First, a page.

So we did the next best thing — we found two couples in which a parent of a spouse is a lawyer (and a third couple of two lawyers). Here are this week’s contestants:
Scores and commentary for this trio of lovebirds, after the jump.
- 3rd Circuit, Clerkships, Department of Justice, Federalist Society, Kids, New Jersey, Office of Legal Policy, Pets, Pictures, Religion, Samuel Alito, SCOTUS, SCOTUS Clerks Are Fair Game, Supreme Court, Supreme Court Clerks, UVA Law
Sorry it has taken us so long. As promised months ago, we now begin our series profiling current Supreme Court clerks (aka the “October Term 2006″ or “OT 2006″ law clerks).
We’ll be going chambers by chambers, starting with the most junior justice. Here are the four law clerks to Justice Samuel A. Alito, Jr.:
1. Michael S. Lee (BYU ’97/Benson (D. Utah)/Alito)
2. Christopher J. Paolella (Harvard ’99/Alito)
3. Matthew A. Schwartz (Columbia ’03/Alito)
4. Gordon D. Todd (UVA ’00/Beam)
As a member of the Alito extended family explained to us, here’s the key to understanding the Alito chambers: 3:1. This golden ratio perfectly captures the demographics of the OT 2006 Alito clerks. Consider:
1. Familial status: three are married with children, one is not (Chris Paolella — married, but no kids yet).
2. Undergraduate institution: three are Princetonians, one is not (Michael Lee — BYU).
3. Prior Alito clerkship: three previously clerked for then-Judge Alito on the Third Circuit, one did not (Gordon Todd).
4. Religious affiliation: three are Christian,* one is not (Matthew Schwartz — he’s Jewish).
5. College debate: three were gods of the parliamentary debate circuit, and former presidents of the American Parliamentary Debate Assocation (APDA); one was not (Michael Lee).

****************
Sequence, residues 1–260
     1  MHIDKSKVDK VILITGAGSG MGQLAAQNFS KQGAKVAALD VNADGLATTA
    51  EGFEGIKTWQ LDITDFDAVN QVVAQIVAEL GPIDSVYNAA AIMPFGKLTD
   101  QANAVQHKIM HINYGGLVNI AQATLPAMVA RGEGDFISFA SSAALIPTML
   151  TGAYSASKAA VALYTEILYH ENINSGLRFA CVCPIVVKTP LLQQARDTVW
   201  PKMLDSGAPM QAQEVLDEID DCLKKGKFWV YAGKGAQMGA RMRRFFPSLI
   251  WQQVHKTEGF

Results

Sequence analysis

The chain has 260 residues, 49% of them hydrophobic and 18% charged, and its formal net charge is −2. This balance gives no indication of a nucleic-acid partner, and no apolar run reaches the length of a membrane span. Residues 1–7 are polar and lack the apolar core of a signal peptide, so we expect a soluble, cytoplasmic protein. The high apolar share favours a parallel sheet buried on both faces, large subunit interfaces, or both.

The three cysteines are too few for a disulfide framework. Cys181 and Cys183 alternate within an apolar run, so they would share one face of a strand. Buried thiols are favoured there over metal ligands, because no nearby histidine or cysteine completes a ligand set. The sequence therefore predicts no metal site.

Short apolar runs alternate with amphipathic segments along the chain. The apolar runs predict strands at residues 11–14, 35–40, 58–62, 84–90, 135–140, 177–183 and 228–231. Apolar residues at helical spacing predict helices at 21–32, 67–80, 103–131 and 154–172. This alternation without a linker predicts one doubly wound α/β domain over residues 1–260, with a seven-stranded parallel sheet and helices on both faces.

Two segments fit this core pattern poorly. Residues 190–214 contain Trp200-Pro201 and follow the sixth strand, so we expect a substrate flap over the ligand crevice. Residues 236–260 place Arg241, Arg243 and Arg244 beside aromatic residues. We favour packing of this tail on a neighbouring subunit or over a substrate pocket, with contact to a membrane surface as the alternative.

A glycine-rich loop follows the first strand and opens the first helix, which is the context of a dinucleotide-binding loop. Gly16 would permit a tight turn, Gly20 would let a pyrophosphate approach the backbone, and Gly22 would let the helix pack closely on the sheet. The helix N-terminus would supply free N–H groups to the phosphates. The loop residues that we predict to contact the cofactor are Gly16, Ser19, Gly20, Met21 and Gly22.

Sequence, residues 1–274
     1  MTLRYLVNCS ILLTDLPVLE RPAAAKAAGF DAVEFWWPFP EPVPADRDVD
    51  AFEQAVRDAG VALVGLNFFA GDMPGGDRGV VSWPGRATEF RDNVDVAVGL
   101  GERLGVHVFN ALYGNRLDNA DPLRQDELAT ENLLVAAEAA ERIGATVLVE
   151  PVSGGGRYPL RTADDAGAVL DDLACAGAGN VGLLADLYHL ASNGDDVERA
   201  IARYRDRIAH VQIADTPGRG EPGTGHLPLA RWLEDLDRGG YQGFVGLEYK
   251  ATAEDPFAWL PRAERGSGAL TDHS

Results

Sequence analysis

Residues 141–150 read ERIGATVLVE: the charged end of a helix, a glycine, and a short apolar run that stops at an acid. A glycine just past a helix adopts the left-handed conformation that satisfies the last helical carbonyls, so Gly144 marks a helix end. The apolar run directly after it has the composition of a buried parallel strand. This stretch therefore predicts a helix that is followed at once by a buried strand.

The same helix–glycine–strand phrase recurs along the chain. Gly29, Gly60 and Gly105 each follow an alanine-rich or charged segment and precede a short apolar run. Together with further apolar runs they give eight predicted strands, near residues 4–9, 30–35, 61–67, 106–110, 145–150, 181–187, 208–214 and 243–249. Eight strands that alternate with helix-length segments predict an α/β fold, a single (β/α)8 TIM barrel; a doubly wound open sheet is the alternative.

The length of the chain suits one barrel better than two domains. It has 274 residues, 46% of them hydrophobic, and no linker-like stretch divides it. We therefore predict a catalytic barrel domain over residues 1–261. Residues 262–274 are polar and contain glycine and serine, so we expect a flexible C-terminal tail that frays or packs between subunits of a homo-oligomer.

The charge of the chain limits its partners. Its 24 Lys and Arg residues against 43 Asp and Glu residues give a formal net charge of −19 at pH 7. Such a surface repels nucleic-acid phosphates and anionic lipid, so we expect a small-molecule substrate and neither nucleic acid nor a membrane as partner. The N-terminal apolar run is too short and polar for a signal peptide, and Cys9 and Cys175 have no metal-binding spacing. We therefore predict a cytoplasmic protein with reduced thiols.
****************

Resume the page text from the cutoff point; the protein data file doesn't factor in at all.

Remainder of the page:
But we wouldn’t want such commonalities to overshadow the individuality of these gents. Check out our profiles of Messrs. Lee, Paolella, Schwartz, and Todd — after the jump.
* Mitt Romney footnote: Michael Lee is Mormon, which we consider to be Christian. Presidential candidate Romney hopes that evangelical Christians voting in the Republican primaries will agree with us.
The Legal Times is wondering about the Senate committee plans of Senator Orrin Hatch (R-UT). They speculate that he might take over the Antitrust Subcommittee of the judiciary panel.
But as we previously reported, Hatch is actually leaving the Senate Judiciary Committee altogether. And now other sources, from the mainstream media, are repeating what we told you last week.
Update (12/14/06): Actually, this did not come to pass. Senator Hatch ended up staying on Judiciary.
As for the second big SJC story we wrote about on Friday, concerning a possible investigation into the DOJ’s Civil Rights division, we expect to have more details in the near future. So check back again soon.
Hatching a Plan?: Hatch Looking for a Committee to Lead [Legal Times]
Earmaking Kansas [American Spectator]
Assessing Roberts’ re-election prospects [Lawrence Journal-World, Lawrence, KS]
Earlier: Juicy News from the Senate Judiciary Committee